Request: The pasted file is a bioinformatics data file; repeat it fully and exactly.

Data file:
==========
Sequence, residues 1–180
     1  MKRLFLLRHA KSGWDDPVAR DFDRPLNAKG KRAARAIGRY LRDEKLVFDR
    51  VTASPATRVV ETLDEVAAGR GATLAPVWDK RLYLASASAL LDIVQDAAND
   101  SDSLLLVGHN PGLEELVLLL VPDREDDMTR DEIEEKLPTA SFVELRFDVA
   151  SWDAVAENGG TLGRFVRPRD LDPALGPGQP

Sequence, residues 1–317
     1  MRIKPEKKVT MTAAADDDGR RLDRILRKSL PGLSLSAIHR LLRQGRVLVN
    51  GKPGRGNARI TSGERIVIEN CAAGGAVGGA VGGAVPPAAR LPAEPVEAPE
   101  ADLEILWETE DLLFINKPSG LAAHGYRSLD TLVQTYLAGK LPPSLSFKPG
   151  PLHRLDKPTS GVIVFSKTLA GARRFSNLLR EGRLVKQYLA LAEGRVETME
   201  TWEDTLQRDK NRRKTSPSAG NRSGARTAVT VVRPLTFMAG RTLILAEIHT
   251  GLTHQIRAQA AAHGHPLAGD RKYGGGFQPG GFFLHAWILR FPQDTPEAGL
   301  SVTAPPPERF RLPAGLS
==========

Sequence, residues 1–180
     1  MKRLFLLRHA KSGWDDPVAR DFDRPLNAKG KRAARAIGRY LRDEKLVFDR
    51  VTASPATRVV ETLDEVAAGR GATLAPVWDK RLYLASASAL LDIVQDAAND
   101  SDSLLLVGHN PGLEELVLLL VPDREDDMTR DEIEEKLPTA SFVELRFDVA
   151  SWDAVAENGG TLGRFVRPRD LDPALGPGQP

Sequence, residues 1–317
     1  MRIKPEKKVT MTAAADDDGR RLDRILRKSL PGLSLSAIHR LLRQGRVLVN
    51  GKPGRGNARI TSGERIVIEN CAAGGAVGGA VGGAVPPAAR LPAEPVEAPE
   101  ADLEILWETE DLLFINKPSG LAAHGYRSLD TLVQTYLAGK LPPSLSFKPG
   151  PLHRLDKPTS GVIVFSKTLA GARRFSNLLR EGRLVKQYLA LAEGRVETME
   201  TWEDTLQRDK NRRKTSPSAG NRSGARTAVT VVRPLTFMAG RTLILAEIHT
   251  GLTHQIRAQA AAHGHPLAGD RKYGGGFQPG GFFLHAWILR FPQDTPEAGL
   301  SVTAPPPERF RLPAGLS